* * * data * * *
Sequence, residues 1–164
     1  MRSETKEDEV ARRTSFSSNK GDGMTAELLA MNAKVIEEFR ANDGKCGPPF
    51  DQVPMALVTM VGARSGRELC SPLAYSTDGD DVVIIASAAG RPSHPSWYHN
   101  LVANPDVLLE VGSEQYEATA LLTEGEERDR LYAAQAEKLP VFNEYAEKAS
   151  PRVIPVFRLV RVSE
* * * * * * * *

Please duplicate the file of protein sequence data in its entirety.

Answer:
Sequence, residues 1–164
     1  MRSETKEDEV ARRTSFSSNK GDGMTAELLA MNAKVIEEFR ANDGKCGPPF
    51  DQVPMALVTM VGARSGRELC SPLAYSTDGD DVVIIASAAG RPSHPSWYHN
   101  LVANPDVLLE VGSEQYEATA LLTEGEERDR LYAAQAEKLP VFNEYAEKAS
   151  PRVIPVFRLV RVSE